Wednesday, March 30, 2011

Luxurious Lotion

If you spend some time looking at the labels of lotions you will probably become more cautious about what products you are using on yourself and your family.  When you start to research the topic in more depth you may never want to buy lotion again.  Take a look at this article by the environmental working group Know the Ingredients in your personal care products - it may send shivers down your spine.

What more reason do you need to began making some of your own body products?  If you need them, I can give you a few:
  1. It is fun!
  2. You have complete control over what ingredients you use
  3. Be creative, you can create whatever scents and styles you desire
  4. You have control over how creamy, thick, etc your lotion is
  5. Most importantly you know you are putting a safe product on yourself and your children.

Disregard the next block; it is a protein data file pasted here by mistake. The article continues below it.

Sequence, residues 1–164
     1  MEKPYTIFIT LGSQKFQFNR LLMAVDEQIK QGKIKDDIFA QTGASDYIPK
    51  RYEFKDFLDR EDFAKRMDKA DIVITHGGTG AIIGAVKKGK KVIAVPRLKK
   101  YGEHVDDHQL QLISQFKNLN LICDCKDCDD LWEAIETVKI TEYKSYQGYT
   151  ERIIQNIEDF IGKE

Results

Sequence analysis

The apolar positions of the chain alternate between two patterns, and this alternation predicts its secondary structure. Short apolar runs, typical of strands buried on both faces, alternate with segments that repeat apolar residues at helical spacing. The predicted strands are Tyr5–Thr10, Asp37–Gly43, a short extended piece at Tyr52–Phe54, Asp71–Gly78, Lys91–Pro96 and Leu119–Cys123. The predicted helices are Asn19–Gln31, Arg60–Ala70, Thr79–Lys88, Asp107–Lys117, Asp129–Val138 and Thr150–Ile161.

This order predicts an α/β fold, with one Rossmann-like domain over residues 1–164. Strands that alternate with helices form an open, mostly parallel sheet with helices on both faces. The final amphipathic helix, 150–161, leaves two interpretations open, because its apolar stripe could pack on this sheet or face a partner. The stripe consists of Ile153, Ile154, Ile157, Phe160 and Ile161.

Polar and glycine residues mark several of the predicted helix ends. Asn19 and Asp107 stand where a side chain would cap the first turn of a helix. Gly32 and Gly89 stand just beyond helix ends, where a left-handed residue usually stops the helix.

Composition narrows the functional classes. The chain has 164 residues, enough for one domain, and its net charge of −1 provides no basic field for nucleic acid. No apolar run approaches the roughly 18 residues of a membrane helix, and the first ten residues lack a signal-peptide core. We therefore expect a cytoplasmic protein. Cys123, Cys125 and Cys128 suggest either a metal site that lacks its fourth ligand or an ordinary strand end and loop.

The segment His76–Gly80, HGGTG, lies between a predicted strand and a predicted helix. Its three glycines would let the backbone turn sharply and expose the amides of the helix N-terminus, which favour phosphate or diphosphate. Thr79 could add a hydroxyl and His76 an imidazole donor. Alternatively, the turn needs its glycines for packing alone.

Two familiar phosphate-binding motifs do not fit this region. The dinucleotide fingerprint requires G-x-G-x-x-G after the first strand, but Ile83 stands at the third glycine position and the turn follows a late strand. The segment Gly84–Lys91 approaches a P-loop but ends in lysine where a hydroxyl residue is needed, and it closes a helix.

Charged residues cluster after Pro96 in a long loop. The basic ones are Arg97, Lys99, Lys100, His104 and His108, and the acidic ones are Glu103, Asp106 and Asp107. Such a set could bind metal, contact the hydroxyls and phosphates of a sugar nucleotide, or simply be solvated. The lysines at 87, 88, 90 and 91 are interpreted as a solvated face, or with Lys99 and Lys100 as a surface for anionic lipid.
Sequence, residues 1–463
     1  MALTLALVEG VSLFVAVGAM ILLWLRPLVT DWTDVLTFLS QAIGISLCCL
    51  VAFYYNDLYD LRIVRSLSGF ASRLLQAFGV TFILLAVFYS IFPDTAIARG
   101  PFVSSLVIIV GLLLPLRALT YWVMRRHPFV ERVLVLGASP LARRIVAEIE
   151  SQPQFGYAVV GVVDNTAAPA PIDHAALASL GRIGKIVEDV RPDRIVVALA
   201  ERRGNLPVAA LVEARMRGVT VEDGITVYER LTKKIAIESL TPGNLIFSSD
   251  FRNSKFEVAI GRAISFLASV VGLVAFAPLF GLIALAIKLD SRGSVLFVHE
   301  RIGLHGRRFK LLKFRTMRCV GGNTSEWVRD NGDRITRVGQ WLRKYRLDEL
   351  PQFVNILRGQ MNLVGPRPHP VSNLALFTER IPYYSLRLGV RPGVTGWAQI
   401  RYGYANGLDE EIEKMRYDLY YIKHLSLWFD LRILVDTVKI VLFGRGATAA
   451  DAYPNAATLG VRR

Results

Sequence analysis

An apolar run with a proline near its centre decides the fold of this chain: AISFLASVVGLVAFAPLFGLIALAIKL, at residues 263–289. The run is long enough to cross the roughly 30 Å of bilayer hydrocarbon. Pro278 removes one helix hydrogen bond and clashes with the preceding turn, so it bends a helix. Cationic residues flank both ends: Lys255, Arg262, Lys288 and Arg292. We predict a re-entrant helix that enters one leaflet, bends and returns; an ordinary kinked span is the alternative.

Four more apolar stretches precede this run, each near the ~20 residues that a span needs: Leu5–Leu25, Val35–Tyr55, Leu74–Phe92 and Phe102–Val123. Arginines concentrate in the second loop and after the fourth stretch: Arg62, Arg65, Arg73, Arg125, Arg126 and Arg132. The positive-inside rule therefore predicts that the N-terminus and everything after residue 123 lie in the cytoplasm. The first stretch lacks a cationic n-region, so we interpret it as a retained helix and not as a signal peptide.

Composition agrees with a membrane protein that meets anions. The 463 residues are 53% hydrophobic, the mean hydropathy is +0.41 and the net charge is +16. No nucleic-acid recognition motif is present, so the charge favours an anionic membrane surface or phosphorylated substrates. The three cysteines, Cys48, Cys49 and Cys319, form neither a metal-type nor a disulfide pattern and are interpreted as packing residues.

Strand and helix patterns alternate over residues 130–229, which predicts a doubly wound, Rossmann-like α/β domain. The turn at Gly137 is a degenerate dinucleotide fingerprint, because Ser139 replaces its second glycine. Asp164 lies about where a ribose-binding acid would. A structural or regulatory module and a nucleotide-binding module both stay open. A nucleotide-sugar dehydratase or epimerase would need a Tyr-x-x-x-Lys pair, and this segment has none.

The following recipe is from Rosemary Gladstar's Herbal Recipes for Vibrant Heath, a wonderful book if you'd like to try making more of your own body care products.  Here is what you need to began.

  • 2/3 cup Water.  distilled water will do, but try  some different hydrosols to add a delicious scent and the benefits of the hydrosol.  I love rose hyrdrosol, which is renown for it's benefits for aging skin.
  • 1/3 cup Aloe Vera Gel
  • 1 to 2 drops Essential oils if you'd like.  But do not use if you are planning on putting your lotion on babies and small children
  • Vitamin A or E for a preservative
  • 3/4 cup Olive, almond, grapeseed or apricot oil
  • 1/3 cup Coconut oil or cocoa butter
  • 1/4 tsp lanolin or 1 T shea butter
  • 1/2 to 1 ounce grated or pastilles beeswax

I get all of my supplies from Mountain Rose Herbs an incredible company, that practices ethical harvesting of endangered herbs and organic herbs and supplies.